My own hopes for tax reform would involve closing loopholes that currently enable corporations and the obscenely wealthy to pay far less than (or none of) their fair share. Genuine reform would impose a progressive tax to start healing the gaping wound of wealth inequality in this country that persists between those who do the labor and their overlords who belong to country clubs.
If individuals and small businesses are naive enough to hope to benefit from the president's tax "reform" scam, they should be advised of what they stand to lose in the trade-off. Medicare, Medicaid, and public education funding will be poached.
The president's plan proposes to give a tax cut of almost $200,000 to every millionaire, and only $240 to those who earn less than $45,000 per year.
Repealing the taxes that fund the Affordable Care Act subsidies will only benefit individuals who earn more than $200,000 in wages per year and those with over $200,000 in net investment income ($250,000 for couples in both instances). The resulting loss of subsidies means that more of us will be uninsured and forced to go without healthcare until we end up in an emergency room with something that could have been prevented, but now will result in loss of work and vulnerability to bankruptcy.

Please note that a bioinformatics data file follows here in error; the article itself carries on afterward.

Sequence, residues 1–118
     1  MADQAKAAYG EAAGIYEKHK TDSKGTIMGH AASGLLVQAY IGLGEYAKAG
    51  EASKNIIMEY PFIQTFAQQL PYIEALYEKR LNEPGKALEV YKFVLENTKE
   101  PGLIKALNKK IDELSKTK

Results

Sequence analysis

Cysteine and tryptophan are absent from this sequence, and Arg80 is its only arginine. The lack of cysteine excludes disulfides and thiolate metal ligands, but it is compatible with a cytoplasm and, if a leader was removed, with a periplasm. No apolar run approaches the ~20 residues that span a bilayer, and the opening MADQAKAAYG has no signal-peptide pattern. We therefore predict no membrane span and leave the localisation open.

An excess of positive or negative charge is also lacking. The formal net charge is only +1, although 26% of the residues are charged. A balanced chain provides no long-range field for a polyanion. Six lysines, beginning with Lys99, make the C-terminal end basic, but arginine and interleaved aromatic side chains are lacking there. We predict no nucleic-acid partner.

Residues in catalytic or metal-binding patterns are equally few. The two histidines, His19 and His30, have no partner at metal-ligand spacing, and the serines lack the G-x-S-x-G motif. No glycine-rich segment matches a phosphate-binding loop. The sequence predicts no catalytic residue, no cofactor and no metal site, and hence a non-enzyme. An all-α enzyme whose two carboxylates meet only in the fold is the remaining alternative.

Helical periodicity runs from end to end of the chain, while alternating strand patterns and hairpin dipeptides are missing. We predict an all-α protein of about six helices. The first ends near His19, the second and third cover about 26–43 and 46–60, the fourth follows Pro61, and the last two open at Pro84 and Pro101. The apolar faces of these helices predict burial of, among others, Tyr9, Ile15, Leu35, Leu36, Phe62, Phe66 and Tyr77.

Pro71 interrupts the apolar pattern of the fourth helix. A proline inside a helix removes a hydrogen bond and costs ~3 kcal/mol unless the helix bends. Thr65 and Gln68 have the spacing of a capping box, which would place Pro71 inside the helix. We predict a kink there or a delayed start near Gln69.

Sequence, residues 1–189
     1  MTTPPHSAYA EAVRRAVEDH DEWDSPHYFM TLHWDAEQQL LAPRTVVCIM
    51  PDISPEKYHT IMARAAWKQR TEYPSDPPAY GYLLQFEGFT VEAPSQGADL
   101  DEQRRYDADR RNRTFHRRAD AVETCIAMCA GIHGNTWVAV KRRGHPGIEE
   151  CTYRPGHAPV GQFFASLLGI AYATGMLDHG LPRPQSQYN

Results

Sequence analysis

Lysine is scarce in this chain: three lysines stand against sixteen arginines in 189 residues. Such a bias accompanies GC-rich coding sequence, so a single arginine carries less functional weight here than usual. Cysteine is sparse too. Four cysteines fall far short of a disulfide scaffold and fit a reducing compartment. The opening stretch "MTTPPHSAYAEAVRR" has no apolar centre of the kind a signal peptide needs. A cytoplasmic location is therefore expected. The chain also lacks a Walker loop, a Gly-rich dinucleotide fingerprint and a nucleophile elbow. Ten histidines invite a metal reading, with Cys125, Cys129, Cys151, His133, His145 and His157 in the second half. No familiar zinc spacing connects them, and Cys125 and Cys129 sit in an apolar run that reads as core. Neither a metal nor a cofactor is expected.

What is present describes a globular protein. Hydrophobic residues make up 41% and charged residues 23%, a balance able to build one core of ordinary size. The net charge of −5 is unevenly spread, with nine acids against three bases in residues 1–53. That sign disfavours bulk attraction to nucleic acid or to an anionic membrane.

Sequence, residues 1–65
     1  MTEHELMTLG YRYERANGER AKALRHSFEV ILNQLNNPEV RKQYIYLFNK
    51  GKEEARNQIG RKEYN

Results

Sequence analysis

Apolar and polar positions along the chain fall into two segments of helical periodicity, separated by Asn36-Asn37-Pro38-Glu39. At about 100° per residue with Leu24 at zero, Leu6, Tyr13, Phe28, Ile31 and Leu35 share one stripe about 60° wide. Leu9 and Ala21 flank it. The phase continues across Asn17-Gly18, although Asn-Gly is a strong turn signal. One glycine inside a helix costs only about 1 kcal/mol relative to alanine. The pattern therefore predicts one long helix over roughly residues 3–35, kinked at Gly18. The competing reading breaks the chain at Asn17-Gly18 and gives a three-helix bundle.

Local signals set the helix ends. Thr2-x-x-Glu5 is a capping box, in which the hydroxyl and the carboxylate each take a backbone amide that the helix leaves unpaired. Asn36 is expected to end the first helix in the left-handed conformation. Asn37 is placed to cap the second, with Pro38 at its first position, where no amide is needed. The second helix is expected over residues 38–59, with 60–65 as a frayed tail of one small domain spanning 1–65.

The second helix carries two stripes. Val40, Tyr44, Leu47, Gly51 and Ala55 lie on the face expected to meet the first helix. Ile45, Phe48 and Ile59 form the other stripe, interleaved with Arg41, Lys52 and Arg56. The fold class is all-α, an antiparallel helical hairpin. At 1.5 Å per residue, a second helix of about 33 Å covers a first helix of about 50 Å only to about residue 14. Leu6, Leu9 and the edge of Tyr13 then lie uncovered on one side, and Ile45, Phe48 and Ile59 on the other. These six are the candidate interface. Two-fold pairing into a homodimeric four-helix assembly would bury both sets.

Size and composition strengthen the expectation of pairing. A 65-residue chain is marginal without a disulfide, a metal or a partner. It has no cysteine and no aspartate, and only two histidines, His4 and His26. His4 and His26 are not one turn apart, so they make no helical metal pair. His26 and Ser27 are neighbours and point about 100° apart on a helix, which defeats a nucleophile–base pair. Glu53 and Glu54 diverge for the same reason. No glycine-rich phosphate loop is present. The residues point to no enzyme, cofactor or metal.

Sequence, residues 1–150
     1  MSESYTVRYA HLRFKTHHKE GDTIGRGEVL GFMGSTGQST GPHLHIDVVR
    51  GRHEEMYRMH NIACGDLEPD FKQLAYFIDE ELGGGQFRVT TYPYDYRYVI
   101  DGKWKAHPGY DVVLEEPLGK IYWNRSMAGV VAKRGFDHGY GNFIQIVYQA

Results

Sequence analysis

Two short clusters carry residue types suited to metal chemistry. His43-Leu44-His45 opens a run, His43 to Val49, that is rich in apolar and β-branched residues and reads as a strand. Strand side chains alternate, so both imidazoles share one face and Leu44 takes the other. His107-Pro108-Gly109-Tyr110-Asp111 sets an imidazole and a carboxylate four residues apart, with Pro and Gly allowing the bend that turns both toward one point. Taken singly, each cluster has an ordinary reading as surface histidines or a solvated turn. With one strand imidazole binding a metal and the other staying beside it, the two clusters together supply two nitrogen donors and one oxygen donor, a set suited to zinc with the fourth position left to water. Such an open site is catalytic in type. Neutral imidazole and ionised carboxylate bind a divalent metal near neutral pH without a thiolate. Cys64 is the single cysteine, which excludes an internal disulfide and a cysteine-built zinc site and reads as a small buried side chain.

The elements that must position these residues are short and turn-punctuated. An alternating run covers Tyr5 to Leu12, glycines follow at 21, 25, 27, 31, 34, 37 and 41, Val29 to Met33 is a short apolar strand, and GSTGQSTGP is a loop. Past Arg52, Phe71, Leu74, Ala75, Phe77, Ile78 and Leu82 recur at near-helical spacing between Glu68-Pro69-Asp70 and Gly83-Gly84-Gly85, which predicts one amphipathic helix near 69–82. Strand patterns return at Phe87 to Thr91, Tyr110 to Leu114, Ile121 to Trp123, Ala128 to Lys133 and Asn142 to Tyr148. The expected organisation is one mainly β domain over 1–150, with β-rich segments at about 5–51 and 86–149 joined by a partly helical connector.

When Republicans talk about tax cuts, they disingenuously claim that small businesses will benefit, when in fact, under their working definition of "small businesses," 90 percent of the tax cuts will go to households which are among the top 20 percent of earners, and fully half of the cuts will go to the top 1 percent of earners.
The alternative minimum tax is also a target of the proposed cuts. Trump won't reveal his recent tax returns, but in 2005, had the alternative minimum tax not existed, he would have paid just 3.5 percent on $153,000,000 of reported income.
The estate tax only applies to people with estates valued at more than $5,500,000; so I am unmoved by any whining about the estate tax.